At Secret Location, a 7,000-square-foot concept shop in Gastown, fashion gets the art treatment with white-on-white décor designed to highlight the colourful, deftly curated pieces inside. Founded by Surrey, B.C., native Carey Melnichuk, who studied textiles at the University of the Fraser Valley and fashion design in Milan, the six-year-old boutique was conceived of the idea that the one thing Vancouver was missing was a place where fashion and design were truly at the forefront, Melnichuk has said. And its presence alone is enough to earn Vancouver some significant style destination cred: Not long after its opening, Vogue Paris named the shop one of the 10 best concept stores in the world.

Just steps away, Vancouver’s casual, active vibe and stylish streak collide at Six Hundred Four (so-named for the southwest B.C. area code), a limited-edition sneaker gallery that commissions B.C. artists to design running shoes, of which only 604 pairs are then produced. And since a thread of social consciousness and sustainability runs through much of everything that happens here, 6.04 percent of the sales proceeds from each run goes to a charity of the artist’s choice.

  • The Botanist at the Fairmont Pacific Rim hotel in Vancouver opened in April of 2017, replacing the Pan-Asian restaurant Oru Cuisine.Handout

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While hotels are evolving into art galleries in destinations all over the place these days, even that concept takes on a uniquely stylish twist at the Fairmont Pacific Rim, where the hotel owners have a rotating collection of vintage couture on display in the lobby. Head upstairs to Botanist, the hotel’s recently re-envisioned restaurant. With its chic, verdant décor, Botanist is reaping accolades — for its design, its cocktail and wine programs, for executive chef Hector Laguna’s gorgeously plated dishes, rooted deep in the Pacific Northwest. At the hotel’s fifth floor spa, guests can immerse the rest of their senses in the region with the Coastal Mountain Retreat signature experience, a 90-minute exfoliation treatment and massage that’s an olfactory hit of pure B.C. — cypress, cedar and clary sage, infused into rich massage oils.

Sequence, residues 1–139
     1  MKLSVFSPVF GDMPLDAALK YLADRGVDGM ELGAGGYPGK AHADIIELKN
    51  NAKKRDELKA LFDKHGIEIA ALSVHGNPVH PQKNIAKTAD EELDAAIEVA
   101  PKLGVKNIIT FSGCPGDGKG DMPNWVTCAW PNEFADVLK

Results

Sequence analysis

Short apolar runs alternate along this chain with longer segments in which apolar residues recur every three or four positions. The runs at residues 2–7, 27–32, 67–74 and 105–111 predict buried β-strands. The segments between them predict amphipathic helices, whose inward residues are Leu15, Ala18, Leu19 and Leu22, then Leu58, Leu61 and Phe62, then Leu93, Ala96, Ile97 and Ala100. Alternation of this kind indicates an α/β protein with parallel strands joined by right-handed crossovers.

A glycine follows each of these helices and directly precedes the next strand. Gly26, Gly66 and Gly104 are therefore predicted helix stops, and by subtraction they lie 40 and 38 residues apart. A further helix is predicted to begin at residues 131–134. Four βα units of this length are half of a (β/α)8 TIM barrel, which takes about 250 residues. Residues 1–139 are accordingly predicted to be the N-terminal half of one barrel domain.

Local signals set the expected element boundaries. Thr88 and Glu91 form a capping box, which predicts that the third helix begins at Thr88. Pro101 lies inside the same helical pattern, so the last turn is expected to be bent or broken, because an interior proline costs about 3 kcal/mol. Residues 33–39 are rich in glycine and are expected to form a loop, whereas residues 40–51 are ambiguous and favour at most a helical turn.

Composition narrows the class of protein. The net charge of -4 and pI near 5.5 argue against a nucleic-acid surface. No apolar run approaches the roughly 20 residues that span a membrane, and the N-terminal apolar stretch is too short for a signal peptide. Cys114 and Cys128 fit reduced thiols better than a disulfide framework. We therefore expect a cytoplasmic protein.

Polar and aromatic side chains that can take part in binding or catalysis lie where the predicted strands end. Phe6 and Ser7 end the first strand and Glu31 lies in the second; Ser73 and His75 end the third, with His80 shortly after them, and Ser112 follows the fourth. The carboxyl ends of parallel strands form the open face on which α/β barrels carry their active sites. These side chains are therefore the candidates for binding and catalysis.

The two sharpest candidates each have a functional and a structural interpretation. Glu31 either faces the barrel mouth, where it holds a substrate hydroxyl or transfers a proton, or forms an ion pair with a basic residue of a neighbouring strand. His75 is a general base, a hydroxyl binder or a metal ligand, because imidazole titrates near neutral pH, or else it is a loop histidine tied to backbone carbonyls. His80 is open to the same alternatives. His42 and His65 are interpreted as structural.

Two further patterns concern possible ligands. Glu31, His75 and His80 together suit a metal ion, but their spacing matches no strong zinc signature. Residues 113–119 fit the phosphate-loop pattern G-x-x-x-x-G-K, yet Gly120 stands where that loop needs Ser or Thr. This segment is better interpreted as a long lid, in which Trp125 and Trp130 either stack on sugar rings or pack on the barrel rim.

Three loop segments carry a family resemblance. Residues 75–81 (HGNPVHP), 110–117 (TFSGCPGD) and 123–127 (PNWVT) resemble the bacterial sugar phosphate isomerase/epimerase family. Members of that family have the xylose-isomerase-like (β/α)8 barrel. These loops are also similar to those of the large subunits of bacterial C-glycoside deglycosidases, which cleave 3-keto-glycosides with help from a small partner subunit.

Back downstairs at the lobby bar, gain a new appreciation for the dresses on display with the Fashion Takes Flight cocktail trio, created by the hotel’s award-winning bartending team and inspired by the hotel’s couture collection. Amethyst silk chiffon by Alexander McQueen meets its match in the gin, lavender, lemon, Fino sherry- and sparkling water-based Act of Goddess. A 1929 vintage dress and coat from Lanvin, the oldest haute couture house in the world, inform the Roaring ’20s-inspired, Absinthe-containing Laced Up. And sheer layer upon layer of gossamer silk chiffon, designed by Coco Chanel, are echoed in the harmonious complexity of the Top Tier, made with Don Julio Blanco tequila, white vermouth, maraschino and grapefruit. This is style worth savouring.

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The spa at the Fairmont Pacific Rim in Vancouver features a 90-minute exfoliation and massage treatment that uses essential oils infused with local ingredients.Photographer: Paul Warchol/Handout